Oxford Street without the stampedes: Oxford Street is at a critical stage in its life. Every Londoner has experienced it on a busy Saturday afternoon – and there is a need to improve the overall customer experience. The shopping environment is soon to be transformed with a new £40m action plan for Oxford, Regent, Old and New Bond led by Westminster City Council, the New West End Company and Transport for London. Key improvements in transport, public realm, lighting, signage, street furniture aim to create an international shopping destination that is a place for people.
Way out west: Westfield London in White City will deliver 1.6m sq ft of new space anchored by major UK retail names. Close to London’s major arterial routes – it is expected to play a pivotal role in encouraging further regeneration activity. To an extent west London’s high streets have to wait and see what impact such competition will have on trading levels. The west London market also waits to see what effect, if any, the extension of congestion charging will have on the viability of various retail centres.
Six day a week shopping in the city: The City of London has not traditionally done retail but gone are the days when retail was an after-thought – plugging ground floor space of offices as a necessary evil and leaving lots of occupiers trading from small, inadequate space. Today, the retail elements are an integral part of the plan and are afforded much more considered space allocations within what are still essentially office-led developments. The remodeling of Cheapside, the oldest high street in the City, new mix-use developments such as Jean Nouvel’s One New Change and Foster + Partners’ Walbrook Square are set to change how city boys and girls spend their lunchtimes and how local residents spend their weekends.
Marylebone High Street, often held up as an example of urban / village living is a lesson to all developers. The Howard de Walden Estate is renowned for its creative management techniques. It leases and manages the majority of the 92 acres of real estate in Marylebone, cutting out problems of management. The result is a well-managed high street with a diverse range of independent and high-end high street shops. In the last ten years the area has become highly desirable and it is a testament to these techniques that there are usually very few properties available to let on the Estate.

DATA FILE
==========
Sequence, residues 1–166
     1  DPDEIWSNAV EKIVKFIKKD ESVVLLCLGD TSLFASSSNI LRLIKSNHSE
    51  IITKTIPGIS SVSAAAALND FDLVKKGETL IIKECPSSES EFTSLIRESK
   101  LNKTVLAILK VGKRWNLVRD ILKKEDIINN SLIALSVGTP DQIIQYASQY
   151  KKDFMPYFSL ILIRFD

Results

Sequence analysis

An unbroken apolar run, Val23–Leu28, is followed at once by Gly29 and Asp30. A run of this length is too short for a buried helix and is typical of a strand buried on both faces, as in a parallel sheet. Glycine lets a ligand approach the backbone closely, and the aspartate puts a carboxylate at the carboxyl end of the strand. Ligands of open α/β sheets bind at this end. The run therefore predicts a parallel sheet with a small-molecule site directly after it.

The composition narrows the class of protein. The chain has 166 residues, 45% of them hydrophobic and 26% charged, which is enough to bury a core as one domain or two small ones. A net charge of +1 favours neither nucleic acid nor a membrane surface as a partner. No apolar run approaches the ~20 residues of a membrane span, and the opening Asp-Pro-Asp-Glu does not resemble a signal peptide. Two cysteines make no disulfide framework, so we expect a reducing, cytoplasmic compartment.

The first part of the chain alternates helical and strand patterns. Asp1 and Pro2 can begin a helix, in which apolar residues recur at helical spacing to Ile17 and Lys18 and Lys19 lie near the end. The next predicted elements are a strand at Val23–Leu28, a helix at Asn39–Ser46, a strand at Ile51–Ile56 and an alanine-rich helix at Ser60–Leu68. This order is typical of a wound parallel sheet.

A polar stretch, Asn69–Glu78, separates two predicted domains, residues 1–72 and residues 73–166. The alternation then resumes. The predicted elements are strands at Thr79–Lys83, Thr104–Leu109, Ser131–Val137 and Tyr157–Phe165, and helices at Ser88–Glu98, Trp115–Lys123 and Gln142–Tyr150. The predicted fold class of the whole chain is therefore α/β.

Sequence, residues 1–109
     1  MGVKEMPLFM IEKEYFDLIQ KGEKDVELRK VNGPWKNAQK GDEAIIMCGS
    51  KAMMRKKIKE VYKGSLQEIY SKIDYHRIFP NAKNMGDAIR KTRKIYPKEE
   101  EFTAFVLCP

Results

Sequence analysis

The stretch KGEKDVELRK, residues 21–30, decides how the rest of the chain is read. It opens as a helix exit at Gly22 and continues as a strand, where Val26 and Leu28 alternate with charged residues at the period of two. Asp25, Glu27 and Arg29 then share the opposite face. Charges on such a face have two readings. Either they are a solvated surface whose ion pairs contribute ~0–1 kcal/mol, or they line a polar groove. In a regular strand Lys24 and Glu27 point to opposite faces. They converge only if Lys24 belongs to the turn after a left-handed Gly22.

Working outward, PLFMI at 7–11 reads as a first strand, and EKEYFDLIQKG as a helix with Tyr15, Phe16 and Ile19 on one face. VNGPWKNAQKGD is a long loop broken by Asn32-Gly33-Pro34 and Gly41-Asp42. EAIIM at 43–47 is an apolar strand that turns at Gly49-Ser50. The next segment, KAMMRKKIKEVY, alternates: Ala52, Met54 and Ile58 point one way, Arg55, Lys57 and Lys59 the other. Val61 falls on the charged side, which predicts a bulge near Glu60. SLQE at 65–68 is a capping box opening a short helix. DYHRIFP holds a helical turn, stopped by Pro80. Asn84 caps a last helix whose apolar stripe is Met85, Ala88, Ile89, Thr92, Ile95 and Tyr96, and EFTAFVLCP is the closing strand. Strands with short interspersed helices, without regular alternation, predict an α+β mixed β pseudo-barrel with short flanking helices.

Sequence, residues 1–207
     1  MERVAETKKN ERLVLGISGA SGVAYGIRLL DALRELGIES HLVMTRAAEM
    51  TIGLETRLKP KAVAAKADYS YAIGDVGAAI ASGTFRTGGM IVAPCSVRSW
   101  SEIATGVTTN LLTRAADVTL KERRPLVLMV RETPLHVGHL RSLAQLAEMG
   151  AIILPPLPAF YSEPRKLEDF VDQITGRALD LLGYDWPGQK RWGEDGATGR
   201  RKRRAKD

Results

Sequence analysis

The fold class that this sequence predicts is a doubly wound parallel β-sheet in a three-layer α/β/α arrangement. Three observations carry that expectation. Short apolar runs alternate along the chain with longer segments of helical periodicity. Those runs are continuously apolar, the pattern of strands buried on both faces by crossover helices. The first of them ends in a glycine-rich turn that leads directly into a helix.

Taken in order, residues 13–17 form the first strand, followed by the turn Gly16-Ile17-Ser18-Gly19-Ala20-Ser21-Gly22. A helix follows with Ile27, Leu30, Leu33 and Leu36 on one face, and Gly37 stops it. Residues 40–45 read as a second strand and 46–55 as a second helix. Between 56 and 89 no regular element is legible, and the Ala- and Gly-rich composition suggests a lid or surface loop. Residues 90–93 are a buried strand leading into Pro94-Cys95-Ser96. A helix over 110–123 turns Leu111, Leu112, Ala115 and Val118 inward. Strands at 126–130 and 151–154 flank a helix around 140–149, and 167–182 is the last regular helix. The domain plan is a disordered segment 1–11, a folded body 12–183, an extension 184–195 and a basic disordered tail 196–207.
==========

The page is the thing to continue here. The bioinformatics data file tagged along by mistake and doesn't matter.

Another ‘village’ type environment has been created at The Brunswick Centre - the major refurbishment of one of London’s most recognisable and iconic buildings from the 1960’s. Developer Allied London aimed for a tenant mix that combined a handful of bigger high street operators with slightly smaller, niche traders – not found in every high street across the country. And when the main part of the scheme was completed it continued to hold back a collection of units in order to lease them to independent retailers.
Dover Street Market is the latest retail experiment by Comme des Garcons founder and designer Rei Kawakubo. Just down the road from the likes of Prada and Gucci on Bond Street, it turns the notion of the luxury fashion emporium on its head. It’s more like an indoor fashion bazaar with retail and studio space given over to young designers. The company acts like a mall operator, taking a percentage of sales from each stall to cover the costs of the 15-year lease.